My kids have been in two independents where one size fits all but this has also happened at state schools where they have been to. I don't blame state school teachers for not coping with my sons abilities as I think they work jolly hard and too much is expected of them. BUT there are children who are in limbo - too bright for a special-ed school but not coping in the mainstream and I do think independent schools offer a valuable service.


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PostPosted: Sat Nov 29, 2008 8:16 pm 
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Joined: Wed Jan 02, 2008 12:18 pm
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Location: kent
I am not anti-independents either. And independent schools have their place, but not solely because sometimes they might be the only option for one particular child. Equally state schools might sometimes be the only option for one particular child.

I like independent and state schools - depending on the school. And I love your posts. But sometimes you yourself seem anti-state schools in the same way that some people on this website seem anti-independent schools.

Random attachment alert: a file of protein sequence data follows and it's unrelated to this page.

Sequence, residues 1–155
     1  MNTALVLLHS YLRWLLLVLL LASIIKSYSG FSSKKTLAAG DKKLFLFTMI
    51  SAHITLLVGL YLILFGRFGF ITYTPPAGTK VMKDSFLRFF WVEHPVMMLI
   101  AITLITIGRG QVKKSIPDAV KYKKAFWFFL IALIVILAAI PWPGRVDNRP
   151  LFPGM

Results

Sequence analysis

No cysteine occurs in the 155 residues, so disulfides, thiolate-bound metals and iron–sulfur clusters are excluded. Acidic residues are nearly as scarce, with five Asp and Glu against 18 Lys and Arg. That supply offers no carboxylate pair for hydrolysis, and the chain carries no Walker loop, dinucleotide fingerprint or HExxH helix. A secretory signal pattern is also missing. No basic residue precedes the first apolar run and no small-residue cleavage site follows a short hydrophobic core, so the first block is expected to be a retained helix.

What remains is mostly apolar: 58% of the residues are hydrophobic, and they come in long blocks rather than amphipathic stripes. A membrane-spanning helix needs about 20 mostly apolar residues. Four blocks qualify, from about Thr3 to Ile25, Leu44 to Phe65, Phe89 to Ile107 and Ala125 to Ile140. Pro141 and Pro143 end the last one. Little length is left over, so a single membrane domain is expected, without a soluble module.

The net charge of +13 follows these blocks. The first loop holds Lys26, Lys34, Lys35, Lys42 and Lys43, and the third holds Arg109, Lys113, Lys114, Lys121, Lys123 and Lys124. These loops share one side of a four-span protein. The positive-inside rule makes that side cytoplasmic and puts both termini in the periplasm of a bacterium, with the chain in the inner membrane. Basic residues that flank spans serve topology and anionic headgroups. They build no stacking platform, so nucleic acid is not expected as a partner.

There are good and bad schools in both sectors, and small class sizes are not always the best thing. You have obviously had the good fortune to only experience good independent schools. But maybe because you know so much about a lot of them, this helps you make an educated choice about which independent school(s) would be best for your child.

When you study at Cambridge, you will come across many highly intelligent, extremely well-educated students from the state sector, as well as from the independent sector. You will not come across the stupid, or badly educated ones from either sector.
Enjoy it!


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PostPosted: Sat Nov 29, 2008 8:26 pm 
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T.i.p.s.y wrote:
BUT there are children who are in limbo - too bright for a special-ed school but not coping in the mainstream and I do think independent schools offer a valuable service.


On this I TOTALLY disagree! (sorry) There are many AMAZING state schools for children with special eduactional needs. Independents cannot offer what they do as it is not cost effective.


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PostPosted: Sat Nov 29, 2008 8:31 pm 
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I think that in some areas there are independent schools which offer a good SEN service; there are ones I have seen in this area, but they offer additional AEN support (as they call it) at an expensive hourly rate in addition to the standard tuition fees. So they might be a good option for someone who can afford extremely high fees.


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PostPosted: Sat Nov 29, 2008 8:35 pm 
I'm not going to get into Cambridge! :(